ADD and ADHD Behavior Therapies: Treatment Alternatives

ADD and ADHD behavior therapies are a popular non-medication approach being used to treat these disorders. Also referred to as behavior management, the focus of these therapies is to help the patient learn to behave in ways that are socially appropriate. They set out to decrease inappropriate behavior by providing consistent negative consequences to inappropriate behavior. There are different behavior therapies that may be used, and it is important to learn about each one before deciding which is best for the individual patient.

Positive Reinforcement

Positive reinforcement is one of the ADD and ADHD behavior therapies. This focuses on providing the patient positive consequences for appropriate behavior. This therapy is modeled under the thinking that a person will increase his performance of appropriate behavior when he or she is rewarded for it. At the simplest level, a simple word or two of encouragement works. On a higher level, material items may work. When patients, specifically children, realize that their efforts to behave appropriately are being recognized and appreciated, they will have a strong desire to keep up the appropriate behavior.

Negative Consequences

Negative consequences is another behavior therapy that can be employed. This revolves around punishment or consequences being administered to decrease inappropriate behavior. When negative consequences are consistent, the patient's undesirable behavior should decrease in intensity and frequency. It is important to not overdo negative consequences, and the patient must clearly understand each consequence and what behaviors lead to such consequences.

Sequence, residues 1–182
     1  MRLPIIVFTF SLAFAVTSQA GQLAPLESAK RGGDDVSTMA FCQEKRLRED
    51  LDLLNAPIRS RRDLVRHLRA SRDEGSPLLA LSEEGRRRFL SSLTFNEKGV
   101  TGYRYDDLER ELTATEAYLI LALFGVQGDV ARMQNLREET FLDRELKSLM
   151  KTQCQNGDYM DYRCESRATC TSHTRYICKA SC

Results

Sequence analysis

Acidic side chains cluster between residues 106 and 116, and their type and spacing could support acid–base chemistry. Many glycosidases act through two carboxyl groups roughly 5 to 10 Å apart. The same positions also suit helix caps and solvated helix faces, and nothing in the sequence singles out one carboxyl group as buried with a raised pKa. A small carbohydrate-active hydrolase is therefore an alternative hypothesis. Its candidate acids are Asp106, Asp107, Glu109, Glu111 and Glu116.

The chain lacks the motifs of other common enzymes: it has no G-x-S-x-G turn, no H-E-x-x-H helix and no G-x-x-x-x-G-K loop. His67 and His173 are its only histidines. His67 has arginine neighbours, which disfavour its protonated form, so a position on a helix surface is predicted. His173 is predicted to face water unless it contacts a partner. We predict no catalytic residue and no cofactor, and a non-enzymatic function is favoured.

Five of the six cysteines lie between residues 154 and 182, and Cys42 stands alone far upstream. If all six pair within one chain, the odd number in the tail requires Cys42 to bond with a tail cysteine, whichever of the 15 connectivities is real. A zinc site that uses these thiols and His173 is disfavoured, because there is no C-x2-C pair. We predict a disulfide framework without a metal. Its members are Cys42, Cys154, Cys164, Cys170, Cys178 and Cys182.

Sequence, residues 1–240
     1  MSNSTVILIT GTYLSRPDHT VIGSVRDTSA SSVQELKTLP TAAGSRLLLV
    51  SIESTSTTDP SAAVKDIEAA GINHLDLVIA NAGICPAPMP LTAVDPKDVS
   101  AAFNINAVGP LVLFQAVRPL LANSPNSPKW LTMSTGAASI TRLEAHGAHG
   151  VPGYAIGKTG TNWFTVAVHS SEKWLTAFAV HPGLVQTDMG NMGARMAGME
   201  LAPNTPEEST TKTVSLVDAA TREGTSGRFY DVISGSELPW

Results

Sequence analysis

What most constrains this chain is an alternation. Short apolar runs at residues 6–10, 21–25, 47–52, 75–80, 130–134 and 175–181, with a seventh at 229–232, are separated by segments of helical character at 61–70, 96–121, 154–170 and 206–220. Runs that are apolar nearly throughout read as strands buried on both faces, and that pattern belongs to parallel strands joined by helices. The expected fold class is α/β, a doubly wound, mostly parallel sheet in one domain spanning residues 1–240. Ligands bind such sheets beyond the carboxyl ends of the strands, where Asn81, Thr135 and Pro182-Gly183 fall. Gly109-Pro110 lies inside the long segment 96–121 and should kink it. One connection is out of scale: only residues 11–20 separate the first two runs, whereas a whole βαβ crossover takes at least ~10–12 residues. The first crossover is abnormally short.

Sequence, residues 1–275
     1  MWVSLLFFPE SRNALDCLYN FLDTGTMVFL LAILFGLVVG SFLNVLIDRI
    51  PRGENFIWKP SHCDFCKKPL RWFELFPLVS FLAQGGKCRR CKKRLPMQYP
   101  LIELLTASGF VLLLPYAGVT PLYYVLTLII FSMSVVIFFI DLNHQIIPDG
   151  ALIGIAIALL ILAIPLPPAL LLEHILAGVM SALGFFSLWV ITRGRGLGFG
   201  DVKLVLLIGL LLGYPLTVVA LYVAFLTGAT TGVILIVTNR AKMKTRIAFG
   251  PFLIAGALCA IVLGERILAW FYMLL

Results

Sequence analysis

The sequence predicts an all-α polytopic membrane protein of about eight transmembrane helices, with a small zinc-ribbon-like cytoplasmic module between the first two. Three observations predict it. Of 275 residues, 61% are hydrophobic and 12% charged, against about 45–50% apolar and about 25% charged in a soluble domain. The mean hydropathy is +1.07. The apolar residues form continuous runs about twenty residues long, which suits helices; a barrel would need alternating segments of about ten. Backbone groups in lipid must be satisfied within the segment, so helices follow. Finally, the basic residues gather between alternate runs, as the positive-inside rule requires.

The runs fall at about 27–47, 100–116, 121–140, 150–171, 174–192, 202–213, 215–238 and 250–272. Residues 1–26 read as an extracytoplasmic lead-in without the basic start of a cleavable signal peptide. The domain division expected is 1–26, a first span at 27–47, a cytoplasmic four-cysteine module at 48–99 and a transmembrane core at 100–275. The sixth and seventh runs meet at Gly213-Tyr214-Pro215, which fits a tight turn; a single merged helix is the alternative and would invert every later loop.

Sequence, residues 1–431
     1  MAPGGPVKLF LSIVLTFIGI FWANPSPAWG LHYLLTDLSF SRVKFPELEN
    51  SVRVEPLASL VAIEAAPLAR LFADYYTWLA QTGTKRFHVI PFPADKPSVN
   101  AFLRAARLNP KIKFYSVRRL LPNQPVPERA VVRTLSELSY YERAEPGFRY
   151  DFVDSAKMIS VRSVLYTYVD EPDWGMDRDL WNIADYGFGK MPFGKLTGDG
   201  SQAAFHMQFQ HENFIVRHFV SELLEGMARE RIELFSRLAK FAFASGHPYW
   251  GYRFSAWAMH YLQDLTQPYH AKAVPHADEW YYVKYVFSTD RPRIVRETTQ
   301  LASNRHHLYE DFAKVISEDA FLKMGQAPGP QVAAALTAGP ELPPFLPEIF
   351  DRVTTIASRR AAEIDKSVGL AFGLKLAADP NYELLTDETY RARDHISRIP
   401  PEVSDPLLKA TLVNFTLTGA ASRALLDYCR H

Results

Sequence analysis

Psychotherapy

This type of therapy works to help ADHD and ADD patients to learn to accept themselves regardless of their disorder. It does not address the underlying cause or the symptoms, however. During psychotherapy, the patient will talk to her therapist about upsetting feelings and thoughts, learn how to handle emotions in alternative ways, and will explore what is known as self-defeating behavior patterns. As the therapist and patient talk, the therapist works to try and aid the patient in understanding how to cope with their disorder or change their disorder.

Social Skills Training

This type of therapy is done to help patients learn new behaviors. The therapist will model and discuss the behaviors that are appropriate in maintaining and developing social relationships. The patient will also be given time to practice these behaviors. This type of therapy helps the patient learn and develop better ways to socialize and interact with others.

Key Points

With any behavior therapy, there are ways to ensure the therapy is successful. These key points include:

  • Convey expected behavior very clearly so that the patient knows exactly what they need to do to get the reward.
  • Do not work on too many things at once.
  • Make sure the goals of therapy are attainable.
  • Make sure all expectations are reasonable.
  • Let the patient help in choosing the rewards.
  • Ensure there are plenty of social rewards.
  • Be consistent.

Resources

Rabiner, D. MD. (2010). Behavioral Treatment for ADHD: An Overview. Retrieved on December 21, 2010 from athealth.com: https://www.athealth.com/Consumer/farticles/Rabiner.html

National Institute of Mental Health. (2010). Attention Deficit Hyperactivity Disorder. Retrieved on December 21, 2010 from the National Institute of Mental Health: https://www.nimh.nih.gov/health/publications/attention-deficit-hyperactivity-disorder/complete-index.shtml